Kindle Dana Johnson î î Elsewhere California Kindle æ

We first met Avery in two of the stories featured in Dana Johnson’s award winning collection Break Any Woman Down As a young girl she and her family escape the violent streets of Los Angeles to a gentrified existence in suburban West Covina This average life filled with school trips to 7 Eleven to gawk at Tiger Beat magazine and family outings to Dodger Stadium is soon interrupted by a past she cannot escape personified in the guise of her violent cousin KeithWhen Keith moves in with her family he triggers a series of events that will follow Avery throughout her life to her studies at USC to her burgeoning career as a painter and artist and into her relationship with a wealthy Italian who seuesters her in his glass walled house in the Hollywood Hills The past will intrude upon Avery’s first gallery show proving her mother’s adage Every goodbye aint gone The dual narrative of Elsewhere California illustrates the complicated history of African Americans across the rolling basin of Los Angeles


10 thoughts on “Elsewhere California

  1. says:

    Dana Johnson lived in the same LA County suburb I grew up in and went to the same middle school high school and college I attended This novel is the coming over age story I doubt I'll ever have the courage to write about growing up in the San Gabriel Valley negotiating race and identity in a very particular socioeconomic space and discovering one's voice through art It is beautifully written and full of such perfect descriptions of place that I felt homesick throughout The narrator Avery is the nerdy wordy blackgirl friend I wish I'd had growing up


  2. says:

    Three and 34 stars Where you’re from and what you look like might not be who you are Avery Arlington a black girl originally from South LA and West Covina grows into a university educated artist marries a very successful Italian immigrant businessman and comes to live in the Hollywood Hills while staying in touch with her white wild child girlhood best friend Brenna and a ne’er do well cousin Alternating chapters flash back to her childhood episodes that illustrate the rural simplicity of her Tennessee bred parents their work ethic hopes for their family and pride and the difficulties of escaping the constrictions of stereotypes The chapters dealing with her childhood are told in dialect inherited from her family but as the narration tracks her adolescence and adulthood the voice shifts to a conventional English as she learns to assimilate even while trying to find a balance in maintaining her own identity When Brenna objects to her listening to Michael Jackson Avery defends him “So I let him sing his song Maybe if he hadn’t hated himself for looking the way he did Maybe if he had someone telling him before earlier before he ever got on a stage something different about himself Maybe then he wouldn’t have tried to move bone and skin and hair into shapes and textures and colors that he thought made him better Or maybe if he just could have been all of that mixed up in peace weird and black in the first place I tell Brenna all of this as we’re driving down the hill” The younger Avery considers herself a master of blending in not making waves but as she grows up she begins realizing the value of unusual combinations of doing things in a wholly original way and that rather than trying to keep people and things in their own little boxes mixing thing up in life as in art expands their potential exponentially In keeping with her artist’s sensibility she knows that to know things as they really are one has to really look to really see and that the juxtaposition of disparate things and people and ideas can only have a liberating effect Through her art she is able to express herself as a uniue individual and resist the pigeon holing that society is all too ready to inflict on her as a black woman About Brenna she says “She doesn’t understand that she had a luxury as little as she and her family had She had the luxury of not having to listen to all the voices cousin Keith and I had to I didn’t think I could afford to ignore the voices They were everywhere all the time but I found help a place to put the voices a way to turn them into something I was saying back” Angelenos will enjoy Avery’s localized descriptions Her love for the Dodgers and Vin Scully are almost palpable and her descriptions of Palm Springs college spring break Woo hoo reflect a first time visitor’s common reaction to the stark beauty of the desert And for anyone who grew up in the ‘70s the song lyrics strewn liberally throughout the book are fun some of them bringing melodies into my head that hadn’t been there for years Music resonates throughout as do ideas about the complex interrelated values of different types of work and money commerce vs creativity race and class identity and conformity and the power of society’s expectations to shape us Avery is able to resist the voices that might have derailed her as they do other characters and to have the courage to be herself through her connections with family friends and the power of her art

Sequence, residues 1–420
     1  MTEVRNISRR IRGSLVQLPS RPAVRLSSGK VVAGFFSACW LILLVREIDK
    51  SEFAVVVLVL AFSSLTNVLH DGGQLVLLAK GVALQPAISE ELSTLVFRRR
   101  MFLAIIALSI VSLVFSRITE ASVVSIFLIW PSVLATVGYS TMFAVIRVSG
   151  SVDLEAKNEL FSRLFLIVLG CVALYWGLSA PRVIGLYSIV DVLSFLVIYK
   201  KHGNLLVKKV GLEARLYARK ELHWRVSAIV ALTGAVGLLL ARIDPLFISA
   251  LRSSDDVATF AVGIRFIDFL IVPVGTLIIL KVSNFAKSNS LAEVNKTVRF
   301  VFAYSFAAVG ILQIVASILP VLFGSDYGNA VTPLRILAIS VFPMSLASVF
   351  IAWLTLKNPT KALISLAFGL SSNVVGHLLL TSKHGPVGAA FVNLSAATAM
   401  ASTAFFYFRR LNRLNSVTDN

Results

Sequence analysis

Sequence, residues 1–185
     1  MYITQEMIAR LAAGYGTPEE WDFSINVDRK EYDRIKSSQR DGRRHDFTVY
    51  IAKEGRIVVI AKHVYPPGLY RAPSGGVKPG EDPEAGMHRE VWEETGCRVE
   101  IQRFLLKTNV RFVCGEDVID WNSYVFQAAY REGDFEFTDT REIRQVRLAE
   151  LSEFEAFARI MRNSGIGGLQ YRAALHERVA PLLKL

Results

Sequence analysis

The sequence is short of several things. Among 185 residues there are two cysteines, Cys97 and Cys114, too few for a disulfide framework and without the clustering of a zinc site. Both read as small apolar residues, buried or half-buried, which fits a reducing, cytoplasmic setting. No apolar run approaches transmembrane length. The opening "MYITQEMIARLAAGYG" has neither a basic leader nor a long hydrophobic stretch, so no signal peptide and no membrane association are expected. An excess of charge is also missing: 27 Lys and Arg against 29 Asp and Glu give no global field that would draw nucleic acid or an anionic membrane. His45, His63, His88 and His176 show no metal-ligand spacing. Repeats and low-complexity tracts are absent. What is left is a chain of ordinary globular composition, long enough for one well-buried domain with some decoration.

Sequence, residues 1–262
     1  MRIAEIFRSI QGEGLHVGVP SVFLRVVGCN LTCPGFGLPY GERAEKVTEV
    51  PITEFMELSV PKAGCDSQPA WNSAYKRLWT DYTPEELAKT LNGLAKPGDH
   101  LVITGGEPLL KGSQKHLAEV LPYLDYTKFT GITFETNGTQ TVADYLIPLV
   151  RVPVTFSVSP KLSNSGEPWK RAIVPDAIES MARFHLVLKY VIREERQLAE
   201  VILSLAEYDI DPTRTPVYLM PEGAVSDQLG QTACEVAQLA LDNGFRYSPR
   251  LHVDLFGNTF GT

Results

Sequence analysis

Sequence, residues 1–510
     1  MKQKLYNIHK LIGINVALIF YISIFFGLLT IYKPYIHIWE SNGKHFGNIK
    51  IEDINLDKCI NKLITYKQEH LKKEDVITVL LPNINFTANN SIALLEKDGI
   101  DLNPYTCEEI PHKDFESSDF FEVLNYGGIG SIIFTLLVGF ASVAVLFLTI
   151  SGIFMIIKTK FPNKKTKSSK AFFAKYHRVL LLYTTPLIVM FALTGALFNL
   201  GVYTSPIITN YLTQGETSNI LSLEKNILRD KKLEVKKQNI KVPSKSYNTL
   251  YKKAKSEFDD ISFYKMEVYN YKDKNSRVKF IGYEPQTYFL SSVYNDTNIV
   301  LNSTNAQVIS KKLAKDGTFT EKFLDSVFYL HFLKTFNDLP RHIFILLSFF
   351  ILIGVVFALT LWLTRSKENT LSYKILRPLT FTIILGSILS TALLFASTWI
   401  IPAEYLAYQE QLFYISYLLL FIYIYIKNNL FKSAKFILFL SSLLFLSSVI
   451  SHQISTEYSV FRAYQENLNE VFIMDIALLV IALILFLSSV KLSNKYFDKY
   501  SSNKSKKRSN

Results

3. says:

    35 starsSo let me say that initially the language threw me off so badly that I thought about putting the book down Then I remembered that I spoke exactly the way Avery did when I was a child Damn Suddenly I realized that I had a bit in common with this character than I'd assumed We both had life experiences that resulted in transitions in character that manifested in our speech primarily This caused an immediate frisson in our connection with our families but we still managed to hold onto a level of authenticity with our friends Damn But this book gets 35 stars because it felt clunky I read Disgruntled right before this both have evolving Black female leads and it was so smooth Maybe it was this book's jumping forward and backward in time It could also have been that only Avery seemed to be developed; the other characters stayed completely put But because of the other points it still gets 35 stars


  4. says: